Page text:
A Man And His Dog

At 3 years old and 102 pounds, Tundra is still a puppy


Dare Harry Viezens to do something and he just might do it.

That is, if his service dog, Tundra, lets him.


Harry Viezens with his service dog, Tundra.

Harry is the tall, affable man wearing a big smile under his cowboy hat, holding on to the leash of a white Alaskan malamute.

Although Harry was born without the ability to hear, he refuses to let that interfere with the joy and business of living.

Deafness never stopped him from building a house, riding a horse or shaping iron.

"When I was a kid, I made up my mind not to feel sorry for myself, but to be answerable for, make the best of my life," Viezens said.

His parents sent him to "deaf oral" schools for the hearing-impaired.

In kindergarten, he learned to speak his second language, English, his first is German. He also learned to read lips.

Fast forward to adulthood.

Perhaps there was no better moment lip reading than when Marcia said yes to his marriage proposal on their second date.

When he decided to make his living in construction, people were afraid to hire him because of the liability.

"They needed extra proof that I could do the job," Viezens said.

Undaunted, he became an entrepreneur and a contractor, as well as taking care of the family farm.

Usually, there was a malamute, Marcia's canine breed of choice, wandering about the farm.

In 2002, the Viezens decided to semi-retire.

Several times, Harry had driven through Payson on business.

They sold their Midwest farm and relocated to the Rim Country.

In 2005, the Viezens brought a large, furry four-footed malamute puppy home.

They named her Tundra.

"I was walking with her in the woods one day and for some reason, Tundra got in front of me. She wouldn't let me go forward, right or left.

"I didn't know why, but she probably had a darn good reason," Harry said.

He wondered if Tundra could learn to become a service dog.

He had considered applying for a service dog in the past. The $8,000 cost, combined with a three- to four-year wait, kept him from it.

"And you don't have a choice of breed," Harry said.

At 6'3'' tall, Harry just could not see himself with a small dog, such as a beagle or a sheltie.

Tundra, at nearly 3 years old, is still a puppy. She tips the scale at 102 pounds.

After the incident in the woods, Tundra began dog training with Lori Chandler and Margie Mansell at Leader of the Pack.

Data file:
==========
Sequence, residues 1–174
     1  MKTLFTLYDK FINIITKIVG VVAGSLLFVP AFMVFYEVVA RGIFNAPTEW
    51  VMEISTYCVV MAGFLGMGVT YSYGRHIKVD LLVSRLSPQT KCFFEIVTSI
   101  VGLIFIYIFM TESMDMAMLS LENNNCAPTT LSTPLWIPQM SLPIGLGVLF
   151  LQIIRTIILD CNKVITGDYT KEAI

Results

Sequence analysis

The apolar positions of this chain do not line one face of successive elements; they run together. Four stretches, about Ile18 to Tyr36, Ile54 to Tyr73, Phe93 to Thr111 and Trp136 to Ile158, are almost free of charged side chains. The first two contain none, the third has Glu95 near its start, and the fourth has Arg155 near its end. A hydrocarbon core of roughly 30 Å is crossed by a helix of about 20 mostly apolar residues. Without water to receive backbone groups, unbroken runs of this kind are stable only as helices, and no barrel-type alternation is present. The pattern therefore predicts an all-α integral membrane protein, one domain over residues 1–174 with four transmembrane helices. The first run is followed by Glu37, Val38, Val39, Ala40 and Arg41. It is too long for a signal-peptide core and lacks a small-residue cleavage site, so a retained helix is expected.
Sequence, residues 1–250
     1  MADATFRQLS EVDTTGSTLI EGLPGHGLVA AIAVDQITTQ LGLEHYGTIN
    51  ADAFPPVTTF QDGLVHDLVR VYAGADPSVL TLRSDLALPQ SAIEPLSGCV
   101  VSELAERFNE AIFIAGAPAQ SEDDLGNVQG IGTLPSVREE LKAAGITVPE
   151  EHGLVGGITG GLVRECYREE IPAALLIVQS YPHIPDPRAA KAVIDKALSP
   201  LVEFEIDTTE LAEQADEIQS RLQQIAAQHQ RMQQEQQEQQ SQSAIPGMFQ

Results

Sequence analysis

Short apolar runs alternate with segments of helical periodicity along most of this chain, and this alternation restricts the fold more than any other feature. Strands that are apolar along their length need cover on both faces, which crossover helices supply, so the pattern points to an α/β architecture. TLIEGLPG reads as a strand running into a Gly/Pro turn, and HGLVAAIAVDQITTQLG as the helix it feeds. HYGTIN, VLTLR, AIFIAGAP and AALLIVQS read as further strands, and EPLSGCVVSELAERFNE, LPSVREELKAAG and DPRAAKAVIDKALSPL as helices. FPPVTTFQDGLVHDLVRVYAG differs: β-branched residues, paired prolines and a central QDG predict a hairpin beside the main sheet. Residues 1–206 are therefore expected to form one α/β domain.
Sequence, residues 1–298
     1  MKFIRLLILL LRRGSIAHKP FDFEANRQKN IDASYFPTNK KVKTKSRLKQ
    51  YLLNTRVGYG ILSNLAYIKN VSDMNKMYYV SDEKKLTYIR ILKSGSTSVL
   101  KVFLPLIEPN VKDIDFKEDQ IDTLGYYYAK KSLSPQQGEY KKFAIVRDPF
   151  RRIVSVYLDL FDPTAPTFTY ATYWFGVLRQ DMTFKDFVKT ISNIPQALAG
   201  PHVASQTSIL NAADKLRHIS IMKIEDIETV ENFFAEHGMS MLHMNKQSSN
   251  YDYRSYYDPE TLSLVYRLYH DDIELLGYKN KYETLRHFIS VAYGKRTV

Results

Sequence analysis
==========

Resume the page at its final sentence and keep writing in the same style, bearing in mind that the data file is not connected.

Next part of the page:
Next was agility training with Jane Burlison.

Tundra is unusual in the service dog world for several reasons.

"She is smart, because this breed is used as sled dogs," Marcia said.

Malamutes are independent-thinking dogs. This does not make them great candidates as service dogs, Harry added.

While most service dogs answer to just one master, the Viezens have trained Tundra to answer to either of them.

They did not need the usual timers and buzzers people generally use to give commands to service dogs.

When Marcia commands "Bring Harry," Tundra's ears prick up and she turns Harry around.

"She's got quite a pull," Harry said.

It takes work to keep Tundra's training current, while at the same time allowing her time for just being a dog.

Before Harry takes Tundra with him, he has to make sure his energetic dog has had play-time, so she is prepared to focus on work.

He must groom Tundra, so she will be acceptable in businesses. Tundra needs to eat long enough before they leave to evacuate, so she doesn't get car sick or need to go at an inappropriate moment.

"We can't duplicate the distractions in public at home, so we get out in public at stores," Harry said.

"Dennis in produce at Safeway helps with distractions if they go to the store, and it happens to be his shift."


Harry Viezens walks his service dog, Tundra.

There is an etiquette for people's behavior around service dogs.

The fact that some people are oblivious to it drives the Viezens crazy.

"Please ignore her. She's working," is the answer to, "can I pet her?"

"And please, don't get mad when we say you can't pet her," Marcia said.

It is okay to say, ‘oh, pretty dog,' or some such in passing, but people should not stand and baby-talk or reach out to pet a service dog.

These things break a service dog's concentration and then the dog's master has to reset the focus to work.

At the end of the day, when they are ready to go home, is the time Harry might let people pet Tundra.

Off-duty, at home Tundra gets bossed around by Boy, the cat.

A squeaky spiked ball and a Kong doll with peanut butter in it are two of Tundra's favorite toys.

"Every morning she jumps in bed and hugs us with her paws," Marcia said.

"People are curious to know how the dog actually helps me," Harry said.

Tundra alerts Harry when someone is at the door. She warns him if she hears sirens when Harry is driving.

She points her nose in the direction of something she finds strange and stops Harry so he can assess the situation.

Tundra has quickly learned everything the Viezens have asked of her.

"If I could train a horse the way I've trained Tundra, I could jump to the moon," Harry said.

The tricks are constancy and keeping training fun," he said.

She has not flown on a plane yet, but the Viezens will be taking her on an Alaska cruise soon.

Tundra's impeccable manners have earned her a Good Citizenship award and she is certified as a Therapy Dog.

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